Apple Taps Burberry CEO to head Retail Division

by Matt Klassen on October 16, 2013

Truth be told there’s not that much difference between selling fashion and selling technology, both speak to the same part of the human experience: the need to feel elite be noticed. So it really should come as no surprise to hear that Apple has hired Burberry CEO Angela Ahrendts to head its retail division, a position that has been vacant for more than a year now.

Ahrendts will officially join Apple in the spring, with Apple revamping the position into a newly created executive office of senior vice president, one where she’ll report directly to company CEO Tim Cook as she oversees the operation of both Apple’s retail and online stores.

The hire becomes all the more interesting when one considers the emerging epoch of wearable technology, as the lines between technology and fashion continue to blur and people like Ahrendts start to become the new breed of gadget visionaries.

“I am profoundly honored to join Apple in this newly created position next year, and very much look forward to working with the global teams to further enrich the consumer experience on and offline,” Ahrendts said in a statement. “I have always admired the innovation and impact Apple products and services have on people’s lives and hope in some small way I can help contribute to the company’s continued success and leadership in changing the world.”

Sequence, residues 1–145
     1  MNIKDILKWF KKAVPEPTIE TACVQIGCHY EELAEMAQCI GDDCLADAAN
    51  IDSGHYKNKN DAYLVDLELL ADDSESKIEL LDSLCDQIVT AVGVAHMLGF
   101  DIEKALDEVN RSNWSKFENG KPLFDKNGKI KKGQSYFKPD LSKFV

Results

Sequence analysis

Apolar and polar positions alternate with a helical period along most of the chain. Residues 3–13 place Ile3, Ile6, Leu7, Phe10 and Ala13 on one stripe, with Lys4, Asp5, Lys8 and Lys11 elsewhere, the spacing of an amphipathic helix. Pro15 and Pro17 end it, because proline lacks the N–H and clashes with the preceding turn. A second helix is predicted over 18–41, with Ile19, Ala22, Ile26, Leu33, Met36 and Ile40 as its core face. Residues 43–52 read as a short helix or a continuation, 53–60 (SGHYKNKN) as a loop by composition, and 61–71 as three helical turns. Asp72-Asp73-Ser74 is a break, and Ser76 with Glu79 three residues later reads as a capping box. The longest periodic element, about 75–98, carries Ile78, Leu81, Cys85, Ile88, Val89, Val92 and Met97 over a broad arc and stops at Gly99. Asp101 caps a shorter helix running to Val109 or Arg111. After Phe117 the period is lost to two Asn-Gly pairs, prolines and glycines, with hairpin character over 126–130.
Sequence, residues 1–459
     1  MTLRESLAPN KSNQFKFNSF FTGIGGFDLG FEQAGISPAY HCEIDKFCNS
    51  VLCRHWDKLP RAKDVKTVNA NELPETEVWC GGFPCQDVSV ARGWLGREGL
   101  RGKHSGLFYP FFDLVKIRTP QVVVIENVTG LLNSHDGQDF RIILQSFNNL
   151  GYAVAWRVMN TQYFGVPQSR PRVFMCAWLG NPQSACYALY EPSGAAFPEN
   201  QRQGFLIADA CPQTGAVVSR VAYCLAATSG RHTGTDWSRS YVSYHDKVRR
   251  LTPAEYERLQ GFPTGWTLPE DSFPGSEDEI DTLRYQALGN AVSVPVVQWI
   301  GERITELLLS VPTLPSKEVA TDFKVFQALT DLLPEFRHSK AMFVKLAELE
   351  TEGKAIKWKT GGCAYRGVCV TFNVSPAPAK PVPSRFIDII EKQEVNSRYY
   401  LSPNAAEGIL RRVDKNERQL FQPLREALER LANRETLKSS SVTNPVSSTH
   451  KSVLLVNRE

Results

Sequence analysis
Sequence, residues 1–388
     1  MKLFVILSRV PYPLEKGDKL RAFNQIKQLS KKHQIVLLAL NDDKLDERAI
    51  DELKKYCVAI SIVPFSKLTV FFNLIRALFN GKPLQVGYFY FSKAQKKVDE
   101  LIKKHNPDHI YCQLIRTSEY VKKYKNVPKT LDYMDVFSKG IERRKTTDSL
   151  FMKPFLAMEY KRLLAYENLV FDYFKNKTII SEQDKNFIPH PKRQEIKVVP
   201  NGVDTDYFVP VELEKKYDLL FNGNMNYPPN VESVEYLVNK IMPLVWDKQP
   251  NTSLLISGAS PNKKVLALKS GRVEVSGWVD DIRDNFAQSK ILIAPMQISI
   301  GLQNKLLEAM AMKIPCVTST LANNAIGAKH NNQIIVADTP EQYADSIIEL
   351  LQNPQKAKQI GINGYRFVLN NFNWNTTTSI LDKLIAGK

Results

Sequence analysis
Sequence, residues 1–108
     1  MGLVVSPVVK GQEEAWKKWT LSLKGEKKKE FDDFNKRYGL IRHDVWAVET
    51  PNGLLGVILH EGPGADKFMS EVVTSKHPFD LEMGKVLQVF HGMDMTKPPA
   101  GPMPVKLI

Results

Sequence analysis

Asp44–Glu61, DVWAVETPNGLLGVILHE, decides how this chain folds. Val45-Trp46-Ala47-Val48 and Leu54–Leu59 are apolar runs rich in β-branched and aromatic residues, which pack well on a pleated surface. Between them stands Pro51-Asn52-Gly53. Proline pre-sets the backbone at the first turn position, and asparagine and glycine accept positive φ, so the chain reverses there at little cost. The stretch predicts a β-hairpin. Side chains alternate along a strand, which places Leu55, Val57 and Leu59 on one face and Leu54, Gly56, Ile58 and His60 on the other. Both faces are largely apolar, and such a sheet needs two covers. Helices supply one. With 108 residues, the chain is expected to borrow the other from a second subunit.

In fact, Ahrendts wasn’t shy to show her admiration from Apple during a recent Burberry fashion event where she was able to show off her new iPhone 5S several days before it was released to the public. It’s that kind of moxie, and not to mention obsequious subservience, that will play well at her new home.

For her part Ahrendts is no stranger to top level leadership, as before taking the reigns of the British fashion empire in 2006 she has already served as executive vice president at Liz Claiborne and president of Donna Karan International…things that admittedly mean nothing to the technophiles, but speak volumes to the fashionistas.

While the executive vice president of retail position is new, Ahrendts ostensibly replaces John Browett, who left the company last October after barely six months on the job. Before that it had taken Apple seven months to Browett after Ron Johnson had left to take the CEO position at retailer J.C. Penny, more proof of the growing interconnectedness of fashion and technology.

And again with that in mind, nothing about this should really surprise us, as the things Apple needs going forward are a strong female voice (something noticeably lacking on Apple’s leadership team) and a strong sense of fashion (since its abundantly clear the current leadership core of Apple has no idea how to speak to people’s hearts), helping restore Apple’s lost sense of elitism among consumers. In fact, after Ahrendts takes the reigns of the company’s retail department don’t be surprised if your Apple retail experience starts to change, morphing into the sort of glamorous multi-sensory experience that drives many towards the must-have fashion trends of the day.

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Written by: Matt Klassen. Follow by: RSS, Twitter, Facebook, or YouTube.

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